Collared and White-throated Kingfishers in “Birds of the Malay Peninsula”. Both scientific and common bird names have changed over time. All rights reserved, NLB, 2016.



The NUS Lee Kong Chian Natural History Museum has digitised and made available online volumes 1 to 4 at http://lkcnhm.nus.edu.sg/biblio/robinson_chasen/, including the original text and colour plates. However, there is nothing like seeing the real thing. The “From the Stacks” exhibition can be viewed at Level 10 of the National Library Building. It ends on 28 August 2016. As a reflection of the book’s rarity, a complete set today costs upwards of $1,500.











NSS Kids’ Fun with Butterflies at HortPark (Singapore)



By Soh Zhi Bing, Photos by Soh Kam Yung & Gloria Seow

We have been dubbed the “Butterfly Boys” as Daryl Ng (11 years old) and I (9 years old) are butterfly enthusiasts who regularly go on trips with NSS’s Butterfly and Insect Group (BIG). On 16 January 2016, we both became first-time butterfly guides to a group of peers and their caregivers at HortPark (located off Alexandra Road in Singapore).

Daryl (right) and I releasing a newly-eclosed Mottled Emigrant that I had been rearing.

We arrived early that morning. My dad (Soh Kam Yung) and I brought along the caterpillars and pupae of the Tawny Coster (Acraea violae), Plain Tiger (Danaus chrysippus chrysippus), Lemon Emigrant (Catopsilia pomona pomona), Mottled Emigrant (Catopsilia pyranthe pyranthe), Lime Butterfly (Papilio demoleus malayanus) and Common Mormon (Papilio polytes romulus) which I had been rearing at home. We were immediately swarmed by kids who were fascinated with the constant chomping of the caterpillars on the leaves of their respective host plants. They asked plenty of questions and were curious about the life cycle of the different butterfly species.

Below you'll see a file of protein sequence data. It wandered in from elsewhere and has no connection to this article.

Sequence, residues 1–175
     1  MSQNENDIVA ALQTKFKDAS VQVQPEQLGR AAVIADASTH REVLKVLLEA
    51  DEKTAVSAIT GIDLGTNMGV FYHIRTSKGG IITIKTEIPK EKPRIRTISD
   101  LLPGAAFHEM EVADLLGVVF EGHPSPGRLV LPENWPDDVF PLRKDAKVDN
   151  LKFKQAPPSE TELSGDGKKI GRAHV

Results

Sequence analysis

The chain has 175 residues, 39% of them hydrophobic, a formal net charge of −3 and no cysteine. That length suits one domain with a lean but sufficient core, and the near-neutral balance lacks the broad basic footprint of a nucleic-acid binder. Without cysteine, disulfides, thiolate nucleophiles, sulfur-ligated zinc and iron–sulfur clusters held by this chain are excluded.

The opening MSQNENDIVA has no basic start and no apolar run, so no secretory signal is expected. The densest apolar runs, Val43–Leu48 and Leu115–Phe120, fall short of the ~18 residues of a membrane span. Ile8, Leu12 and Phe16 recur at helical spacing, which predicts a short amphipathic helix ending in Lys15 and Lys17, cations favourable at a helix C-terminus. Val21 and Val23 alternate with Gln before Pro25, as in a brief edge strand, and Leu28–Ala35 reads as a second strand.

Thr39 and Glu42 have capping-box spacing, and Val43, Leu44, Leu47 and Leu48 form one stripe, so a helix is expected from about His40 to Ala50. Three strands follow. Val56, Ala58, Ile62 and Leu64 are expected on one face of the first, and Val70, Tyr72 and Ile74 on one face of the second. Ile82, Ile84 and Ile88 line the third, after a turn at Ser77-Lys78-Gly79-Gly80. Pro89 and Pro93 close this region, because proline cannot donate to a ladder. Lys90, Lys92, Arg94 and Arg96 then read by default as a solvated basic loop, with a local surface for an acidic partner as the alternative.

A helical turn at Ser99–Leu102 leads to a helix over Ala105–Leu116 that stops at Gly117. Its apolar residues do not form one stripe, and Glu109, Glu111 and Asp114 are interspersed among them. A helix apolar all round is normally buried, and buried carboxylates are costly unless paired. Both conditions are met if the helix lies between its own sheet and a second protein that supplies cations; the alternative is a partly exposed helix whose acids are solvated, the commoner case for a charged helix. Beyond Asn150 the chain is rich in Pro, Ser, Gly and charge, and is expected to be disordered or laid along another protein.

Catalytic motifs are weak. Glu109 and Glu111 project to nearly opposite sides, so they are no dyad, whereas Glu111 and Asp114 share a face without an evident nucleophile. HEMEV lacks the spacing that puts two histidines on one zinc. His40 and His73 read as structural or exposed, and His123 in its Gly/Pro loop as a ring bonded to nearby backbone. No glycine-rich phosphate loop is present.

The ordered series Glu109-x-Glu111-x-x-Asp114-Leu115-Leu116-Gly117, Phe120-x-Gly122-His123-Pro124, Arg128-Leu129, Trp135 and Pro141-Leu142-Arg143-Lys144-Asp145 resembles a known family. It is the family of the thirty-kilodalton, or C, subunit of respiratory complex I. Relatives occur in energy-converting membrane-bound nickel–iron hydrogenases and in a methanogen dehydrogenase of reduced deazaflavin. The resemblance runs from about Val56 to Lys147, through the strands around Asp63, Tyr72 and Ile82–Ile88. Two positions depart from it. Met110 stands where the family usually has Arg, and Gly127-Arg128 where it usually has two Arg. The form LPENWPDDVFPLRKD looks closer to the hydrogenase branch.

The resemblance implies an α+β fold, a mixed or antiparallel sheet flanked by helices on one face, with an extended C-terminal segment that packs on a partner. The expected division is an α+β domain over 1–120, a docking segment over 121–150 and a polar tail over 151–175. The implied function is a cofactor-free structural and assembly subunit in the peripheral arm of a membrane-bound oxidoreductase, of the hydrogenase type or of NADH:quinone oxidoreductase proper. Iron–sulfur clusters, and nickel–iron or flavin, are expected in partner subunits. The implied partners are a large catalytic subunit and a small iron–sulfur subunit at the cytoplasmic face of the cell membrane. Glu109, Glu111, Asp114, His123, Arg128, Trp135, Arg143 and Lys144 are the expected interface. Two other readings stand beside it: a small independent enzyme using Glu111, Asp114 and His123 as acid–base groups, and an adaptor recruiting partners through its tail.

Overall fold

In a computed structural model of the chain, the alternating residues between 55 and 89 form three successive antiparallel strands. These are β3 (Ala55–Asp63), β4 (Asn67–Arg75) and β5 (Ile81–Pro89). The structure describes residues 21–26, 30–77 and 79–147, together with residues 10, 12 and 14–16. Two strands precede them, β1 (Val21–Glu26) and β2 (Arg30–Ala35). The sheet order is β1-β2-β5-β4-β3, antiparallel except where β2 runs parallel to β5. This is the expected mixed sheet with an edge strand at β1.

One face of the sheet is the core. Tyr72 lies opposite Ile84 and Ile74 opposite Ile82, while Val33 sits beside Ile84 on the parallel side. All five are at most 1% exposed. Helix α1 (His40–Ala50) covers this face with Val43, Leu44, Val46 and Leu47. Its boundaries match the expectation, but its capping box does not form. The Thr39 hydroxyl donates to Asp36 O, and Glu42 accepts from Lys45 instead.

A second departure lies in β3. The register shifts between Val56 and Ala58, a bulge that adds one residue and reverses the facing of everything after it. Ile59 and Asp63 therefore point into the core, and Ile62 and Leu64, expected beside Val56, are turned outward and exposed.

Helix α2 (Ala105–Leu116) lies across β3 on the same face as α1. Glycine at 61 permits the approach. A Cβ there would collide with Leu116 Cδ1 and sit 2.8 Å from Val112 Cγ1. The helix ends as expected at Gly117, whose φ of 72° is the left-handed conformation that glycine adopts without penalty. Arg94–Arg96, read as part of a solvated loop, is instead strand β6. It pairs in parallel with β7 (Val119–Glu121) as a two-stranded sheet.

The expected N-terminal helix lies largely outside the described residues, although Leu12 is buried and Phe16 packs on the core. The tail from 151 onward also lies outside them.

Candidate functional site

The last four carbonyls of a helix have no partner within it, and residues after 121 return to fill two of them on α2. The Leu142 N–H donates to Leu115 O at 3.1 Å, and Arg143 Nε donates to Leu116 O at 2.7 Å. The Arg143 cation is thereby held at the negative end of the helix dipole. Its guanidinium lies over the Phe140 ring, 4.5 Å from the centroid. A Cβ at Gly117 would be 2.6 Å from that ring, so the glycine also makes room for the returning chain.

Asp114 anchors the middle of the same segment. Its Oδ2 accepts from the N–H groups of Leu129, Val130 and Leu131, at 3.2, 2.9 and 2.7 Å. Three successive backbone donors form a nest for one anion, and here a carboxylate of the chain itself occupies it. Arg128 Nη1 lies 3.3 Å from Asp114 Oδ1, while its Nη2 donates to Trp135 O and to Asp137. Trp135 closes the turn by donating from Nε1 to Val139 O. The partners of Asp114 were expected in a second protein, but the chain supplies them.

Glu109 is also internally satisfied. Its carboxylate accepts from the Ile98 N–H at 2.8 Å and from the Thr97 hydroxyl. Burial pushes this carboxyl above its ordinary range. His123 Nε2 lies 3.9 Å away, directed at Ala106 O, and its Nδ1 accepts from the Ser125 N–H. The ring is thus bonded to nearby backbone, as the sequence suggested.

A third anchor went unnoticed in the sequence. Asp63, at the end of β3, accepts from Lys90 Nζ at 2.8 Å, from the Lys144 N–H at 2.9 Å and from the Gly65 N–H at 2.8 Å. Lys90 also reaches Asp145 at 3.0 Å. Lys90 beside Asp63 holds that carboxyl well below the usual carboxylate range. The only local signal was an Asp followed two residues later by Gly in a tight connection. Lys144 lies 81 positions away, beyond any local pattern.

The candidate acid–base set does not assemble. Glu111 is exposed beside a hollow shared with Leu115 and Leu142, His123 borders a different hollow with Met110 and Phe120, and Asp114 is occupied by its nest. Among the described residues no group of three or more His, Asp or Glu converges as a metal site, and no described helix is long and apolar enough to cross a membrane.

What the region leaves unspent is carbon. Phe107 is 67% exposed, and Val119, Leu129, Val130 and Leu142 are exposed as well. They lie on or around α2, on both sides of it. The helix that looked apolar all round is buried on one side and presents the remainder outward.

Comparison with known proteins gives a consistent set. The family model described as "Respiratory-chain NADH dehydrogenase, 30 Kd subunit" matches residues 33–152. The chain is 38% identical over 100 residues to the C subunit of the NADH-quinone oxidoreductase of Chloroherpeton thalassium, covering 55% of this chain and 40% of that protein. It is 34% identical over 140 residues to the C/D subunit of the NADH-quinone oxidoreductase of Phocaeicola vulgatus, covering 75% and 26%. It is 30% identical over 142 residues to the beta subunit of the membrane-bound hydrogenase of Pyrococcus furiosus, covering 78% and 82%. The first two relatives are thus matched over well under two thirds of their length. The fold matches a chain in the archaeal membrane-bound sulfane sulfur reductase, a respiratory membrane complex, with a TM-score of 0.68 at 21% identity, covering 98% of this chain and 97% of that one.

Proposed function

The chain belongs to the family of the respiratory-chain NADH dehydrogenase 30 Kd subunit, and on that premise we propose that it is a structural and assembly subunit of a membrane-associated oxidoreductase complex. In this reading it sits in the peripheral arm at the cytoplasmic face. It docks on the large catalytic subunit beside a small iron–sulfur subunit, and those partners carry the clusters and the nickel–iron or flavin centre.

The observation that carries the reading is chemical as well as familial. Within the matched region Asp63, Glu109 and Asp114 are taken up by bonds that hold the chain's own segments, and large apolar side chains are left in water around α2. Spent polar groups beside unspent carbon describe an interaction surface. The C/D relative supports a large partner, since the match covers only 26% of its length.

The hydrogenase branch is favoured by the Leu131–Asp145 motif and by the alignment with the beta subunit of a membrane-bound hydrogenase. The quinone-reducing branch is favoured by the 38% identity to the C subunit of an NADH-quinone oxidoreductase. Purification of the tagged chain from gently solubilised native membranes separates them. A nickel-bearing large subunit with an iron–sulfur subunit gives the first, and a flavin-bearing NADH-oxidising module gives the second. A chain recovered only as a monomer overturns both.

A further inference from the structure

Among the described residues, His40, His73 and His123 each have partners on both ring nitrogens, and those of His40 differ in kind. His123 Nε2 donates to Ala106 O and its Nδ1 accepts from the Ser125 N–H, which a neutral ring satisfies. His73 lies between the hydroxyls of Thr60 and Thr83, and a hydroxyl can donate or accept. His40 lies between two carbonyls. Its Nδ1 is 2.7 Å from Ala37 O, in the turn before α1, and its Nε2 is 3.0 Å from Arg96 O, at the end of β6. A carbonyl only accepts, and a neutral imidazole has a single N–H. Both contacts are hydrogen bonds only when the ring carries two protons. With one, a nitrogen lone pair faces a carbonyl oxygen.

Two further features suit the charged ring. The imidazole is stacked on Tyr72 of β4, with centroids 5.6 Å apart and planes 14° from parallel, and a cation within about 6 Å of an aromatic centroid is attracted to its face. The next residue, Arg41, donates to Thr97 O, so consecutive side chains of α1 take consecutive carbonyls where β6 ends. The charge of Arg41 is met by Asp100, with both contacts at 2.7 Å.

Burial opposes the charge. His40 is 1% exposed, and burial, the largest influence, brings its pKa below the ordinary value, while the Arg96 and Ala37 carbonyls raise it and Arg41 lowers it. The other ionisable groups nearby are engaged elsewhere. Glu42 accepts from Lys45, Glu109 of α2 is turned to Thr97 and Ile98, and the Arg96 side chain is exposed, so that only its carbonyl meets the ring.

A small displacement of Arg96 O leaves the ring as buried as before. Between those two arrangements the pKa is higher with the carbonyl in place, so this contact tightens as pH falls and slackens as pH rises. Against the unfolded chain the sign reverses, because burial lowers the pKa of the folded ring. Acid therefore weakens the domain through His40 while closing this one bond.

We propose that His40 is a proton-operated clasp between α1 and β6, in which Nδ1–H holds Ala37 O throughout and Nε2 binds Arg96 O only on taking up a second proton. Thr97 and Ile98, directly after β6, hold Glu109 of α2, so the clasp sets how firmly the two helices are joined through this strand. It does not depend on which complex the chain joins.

Auntie Gloria then presented Daryl and I as the day’s guides. We each had to tell our stories of how we came to love butterflies. For me, I got interested when I attended the Butterfly Count by NParks where I learnt how to identify most of Singapore’s common butterflies. After that, I bought the book “Butterflies of Singapore” by Khew Sin Khoon which was where I learnt about the rarer butterflies such as the Vagrant (Vagrans sinha sinha). Daryl said that since young, he has always loved nature. In primary one, he reared the Tawny Coster as his caterpillar project. It reached its fifth instar, but the following day he was horrified to see a shrivelled-up brown pupa instead. Apparently, his caterpillar had been infected by a parasitic wasp. He felt sorry for it and soon after, became a butterfly lover. What a bittersweet tale!

HortPark’s Butterfly Garden produced the Striped Blue Crow, Common Bluebottle, and Singapore’s ‘National Butterfly’ by popular vote the Common Rose.